In our continuous endeavour to seek and exhibit 2019’s Pioneering eSignature Solution Providers to Watch, we, at Insights Success, have come across a prolific list of organizations that ceaselessly strive to deliver innovation and excellence.
However, we strongly believe that across the globe, there are certain organizations that are truly exemplary in the way they conduct business, profound in the way they empower their workforce, and persistently determined in the course towards their vision.
In accordance with this belief, through the Business Beacon feature of this edition, we present to you, Zoho Corporation, a multinational software company and an umbrella to three significant brands, viz., Zoho, ManageEngine and WebNMS.
Zoho is the operating system for business, with 45+ apps in nearly every major business category including sales, marketing, customer support, accounting and back office operations, and an array of productivity and collaboration tools.
ManageEngine offers the IT management software suite with over 90+ products and WebNMS is an IoT platform for connected enterprise applications.
Zoho Corporation is privately held and profitable with more than 8,000 employees. The company is headquartered in the United States with additional offices in Europe, Australia, Singapore, India, China, Mexico, and United Arab Emirates.
The following interview—between Mr. Raju Vegesna, the Chief Evangelist at Zoho and Insights Success—unveils the essence of the company’s mission and vision along with a few inside details on how the company is an epitome of excellence.
We’re sure that by the end of the interview, you’d agree too that Zoho is altogether a different level.
Below are the insights to the interview:
With regards to your organization’s 23 years of market presence, how do you think the eSignature and affiliated solutions market has evolved and what can be expected in the forthcoming years?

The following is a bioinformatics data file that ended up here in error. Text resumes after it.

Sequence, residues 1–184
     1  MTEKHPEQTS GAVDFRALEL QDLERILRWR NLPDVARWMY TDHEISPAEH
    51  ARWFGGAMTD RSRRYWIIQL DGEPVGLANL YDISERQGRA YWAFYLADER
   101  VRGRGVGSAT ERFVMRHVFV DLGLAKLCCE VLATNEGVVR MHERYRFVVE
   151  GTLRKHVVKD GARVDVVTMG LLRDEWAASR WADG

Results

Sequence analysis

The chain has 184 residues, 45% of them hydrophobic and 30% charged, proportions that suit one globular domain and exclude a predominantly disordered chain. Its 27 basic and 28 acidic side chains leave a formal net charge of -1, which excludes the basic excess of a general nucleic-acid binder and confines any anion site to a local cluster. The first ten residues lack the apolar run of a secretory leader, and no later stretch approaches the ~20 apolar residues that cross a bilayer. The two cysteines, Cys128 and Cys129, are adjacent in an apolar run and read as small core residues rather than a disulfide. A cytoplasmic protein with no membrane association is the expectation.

eSignatures are the modern day alternative to traditional method of signing business documents with paper and pen. Since, the late 2000s, eSigning was declared legally valid for signing most of business documents and accepted in the court of law in the US, EU, Australia, India, China, and many other countries. The worldwide adoption of digital signatures continues to rise for many reasons including easy collaboration, reduced costs, and accelerated business transactions. Due to this rapid adoption, the digital signature market grew from $1 million in 2006 to $1 billion in 2018.
At a minimum, an eSignature product today should offer SaaS deployment model, support ad-hoc and human initiated use-cases, flexible workflows, and ensure document data integration and validation. Additionally, enterprises expect multi-language support, customization, and integration with their existing apps in-house apps and third-party apps. Our product, Zoho Sign offers all these features and much more in an affordable pricing for businesses and government agencies of all sizes and types.
As more people start to use digital signatures, companies will need to ensure they are complying with local laws and legal validation which could be done through identification based on passports, driver’s license or other legal documents. In the future, blockchain tech will make these digital documents smarter—something resembling an automated computer program. One might call these “smart contracts.” This market is a fast-growing one and majority of companies, even governments, are going paperless, and Zoho is keeping up with the trends and making sure our customers have the most up-to-date digital signature platform.
Check out our website zoho.com/sign to learn more.
Considering the necessity of adapting to disruptive technological innovations and/or development of cutting-edge digital solutions, how does your organization sustain its competency in the IT market?
Zoho sustains its competency in the IT market by continuously adding and improving our applications. We consistently listen to customers and make sure we are making the changes that they want and need. In addition, we add applications to our bundles without increasing the overall price – making our customers more equipped to run their company without a financial loss. Our pricing is extremely competitive and includes everything a customer would need to run any size business successfully.